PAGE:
According to a Gerontological Society of America's 2019 report, "one of the biggest trends is an emphasis on cognitive decline, cognitive change, dementia in all phases." Not only is cognitive well-being a fundamental determinant of positive aging, but the human and healthcare cost of cognitive decline are momentous. And as the number of senior adults is projected to reach 20% of the U.S. population by 2025, attention to the various levels of vascular cognitive impairment (VCI) is a timely healthcare imperative.
What is vascular cognitive impairment (VCI)?
Cognition is a combination of brain processes, including the ability to learn, remember, and make judgments that guide a person's executive function and mobility. Cognitive decline includes mild cognitive impairment (MCI) to severe cognitive impairment (SCI). VCI is a more recent term that encompasses vascular and neurodegenerative dementias. Alzheimer's disease (AD) is the most common type of dementia, which affects 6.2M adults in the U.S. and is the fifth leading cause of death in adults over 65.
Cognitive impairment, including Alzheimer's disease, is projected to grow significantly as the older adult population increases
Extensive research published in 2021 by the Department of Health and Human Services (HHS) compared various projection models and used the Dynamic Simulation of Income Model (DYNASIM) to project the risk and costs of SCI over the coming decades. HHS determined that the number of people living with mild to severe cognitive impairment will nearly double by 2055. Research presented in 2021 by the Institute for Health Metrics and Evaluation puts global estimates nearly triple to more than 152M by 2050.
The HHS work estimates that "one in three of today's working-age adults who survive to age 65 will become severely cognitively impaired before they die, and 40 percent of those who become impaired will need care for five or more years."
Costs of dementia expected to double by 2040
According to a RAND study, "The monetary cost of dementia in the United States ranges from $159B to $215B annually, making the disease more costly to the nation than either heart disease or cancer." The per-person cost of dementia was $56,290 or $41,689. Medicare paid about $11B of dementia-related costs, which RAND says could more than double by 2040.
Institutional and home-based long-term care is the highest economic cost of dementia. Some research shows negligible direct medical cost differences (doctor visits, hospital admissions, etc.) between people living with cognitive impairment and those without impairment. Other studies say that average annual direct medical costs per person are substantially higher for mild cognitive impairment – 44% higher.
In addition to institutional and direct medical costs are the cost of informal caregiving by family, friends, and community volunteers. The RAND study did include informal caregiving in its estimate above, which, when combined with the cost of nursing home care, and formal home care, comprises 75% to 84% of total dementia costs.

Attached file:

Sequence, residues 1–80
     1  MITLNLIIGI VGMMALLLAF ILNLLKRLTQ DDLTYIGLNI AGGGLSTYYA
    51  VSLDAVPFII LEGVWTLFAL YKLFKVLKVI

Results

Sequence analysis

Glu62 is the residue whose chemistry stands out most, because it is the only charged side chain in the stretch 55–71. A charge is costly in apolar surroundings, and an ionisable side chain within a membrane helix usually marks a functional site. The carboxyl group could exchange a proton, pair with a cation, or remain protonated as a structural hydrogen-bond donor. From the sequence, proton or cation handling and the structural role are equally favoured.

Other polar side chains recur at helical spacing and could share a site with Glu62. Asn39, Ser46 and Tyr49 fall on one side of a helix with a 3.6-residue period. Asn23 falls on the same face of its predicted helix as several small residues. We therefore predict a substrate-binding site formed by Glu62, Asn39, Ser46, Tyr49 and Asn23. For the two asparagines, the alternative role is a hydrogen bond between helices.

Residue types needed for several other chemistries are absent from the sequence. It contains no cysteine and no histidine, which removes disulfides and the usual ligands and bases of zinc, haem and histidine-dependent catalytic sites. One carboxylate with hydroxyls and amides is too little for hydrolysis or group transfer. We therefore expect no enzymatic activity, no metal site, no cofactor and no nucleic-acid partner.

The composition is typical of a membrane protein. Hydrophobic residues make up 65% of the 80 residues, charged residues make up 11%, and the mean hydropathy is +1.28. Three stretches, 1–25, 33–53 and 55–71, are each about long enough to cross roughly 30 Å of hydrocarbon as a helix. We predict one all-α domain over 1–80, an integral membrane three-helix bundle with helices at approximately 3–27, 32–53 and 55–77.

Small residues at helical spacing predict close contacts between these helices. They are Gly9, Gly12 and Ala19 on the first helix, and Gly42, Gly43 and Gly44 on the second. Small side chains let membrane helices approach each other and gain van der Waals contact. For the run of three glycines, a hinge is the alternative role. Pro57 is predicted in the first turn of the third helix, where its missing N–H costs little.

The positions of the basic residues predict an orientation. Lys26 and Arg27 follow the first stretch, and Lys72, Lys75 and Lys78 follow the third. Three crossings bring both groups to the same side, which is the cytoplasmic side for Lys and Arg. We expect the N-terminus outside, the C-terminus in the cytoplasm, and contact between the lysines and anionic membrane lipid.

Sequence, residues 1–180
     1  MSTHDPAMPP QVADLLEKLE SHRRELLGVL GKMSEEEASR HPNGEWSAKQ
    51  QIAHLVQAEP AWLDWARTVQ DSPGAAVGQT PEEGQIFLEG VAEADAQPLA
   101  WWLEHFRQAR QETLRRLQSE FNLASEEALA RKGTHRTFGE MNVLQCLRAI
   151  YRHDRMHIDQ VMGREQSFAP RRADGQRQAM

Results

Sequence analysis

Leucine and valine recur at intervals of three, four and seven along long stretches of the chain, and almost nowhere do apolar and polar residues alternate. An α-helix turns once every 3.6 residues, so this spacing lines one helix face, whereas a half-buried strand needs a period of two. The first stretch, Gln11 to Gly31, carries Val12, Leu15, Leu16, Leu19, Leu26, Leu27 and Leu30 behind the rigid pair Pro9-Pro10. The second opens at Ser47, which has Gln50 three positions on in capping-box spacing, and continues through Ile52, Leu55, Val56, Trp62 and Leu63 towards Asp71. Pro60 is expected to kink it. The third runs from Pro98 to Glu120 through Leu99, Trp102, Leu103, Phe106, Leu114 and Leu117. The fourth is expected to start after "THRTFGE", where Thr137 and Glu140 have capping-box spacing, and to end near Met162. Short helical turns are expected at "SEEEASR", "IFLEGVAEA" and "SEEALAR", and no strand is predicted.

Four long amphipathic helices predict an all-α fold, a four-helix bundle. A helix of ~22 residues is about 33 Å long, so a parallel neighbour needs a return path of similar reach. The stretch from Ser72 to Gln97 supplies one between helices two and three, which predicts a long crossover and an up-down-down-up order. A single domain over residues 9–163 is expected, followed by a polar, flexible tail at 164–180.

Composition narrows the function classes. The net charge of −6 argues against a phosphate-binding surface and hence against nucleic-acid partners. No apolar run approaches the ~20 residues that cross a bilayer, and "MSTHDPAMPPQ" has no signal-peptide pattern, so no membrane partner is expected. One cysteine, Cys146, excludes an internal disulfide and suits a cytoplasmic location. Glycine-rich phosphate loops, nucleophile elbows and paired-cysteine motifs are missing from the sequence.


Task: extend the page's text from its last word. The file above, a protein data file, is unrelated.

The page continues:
Medicare and health plans will bear these costs. Increasingly, so will individuals, their families, and states as informal care fill gaps and more older adults become dual-eligible for Medicare and Medicaid, as well as declare bankruptcy due to medical debt. Four in 10 adults in the U.S. have medical or dental debt. Of those, three percent have declared bankruptcy in the last five years. Nearly half of those owe more than $2,500.
Risk factors beyond age
Age is the number one risk factor for cognitive impairment. Prevalence rates typically increase from a few percent for adults in their 60s to 30% or 45% for adults in their 90s. Beyond age, however, a host of risk factors affect overall brain health but can contribute to or accelerate impairment and dementia. Twelve modifiable risk factors include chronic diseases, health conditions and behaviors include:
- High blood pressure
- Lack of physical activity
- Poor diet
- Low levels of cognitive engagement
- High alcohol consumption
- Traumatic brain injury
- Hearing loss
- Social isolation
- Air pollution
While genetics and gender are unmodifiable risks, other factors associated with increased dementia include chronic conditions like Parkinson's, heart disease, stroke, chronic kidney disease, HIV, delirium due to illness, medication side effects, and some developmental disabilities.
Risks related to social determinants of health
Other risk factors for dementia are related to social determinants of health (SDoH). Level of education and income are significant impactors. For example, people with less than high school education are about 60-75% more at risk for SCI.
When combined with ethnic background, these risk factors highlight populations at greatest risk. Black and Hispanic Americans are more likely to become impaired than non-Hispanic White people. Women are more likely to become impaired than men, partly due to a longer life expectancy. Looking across these factors revealed that Latino and Black women who lived alone were the most at risk.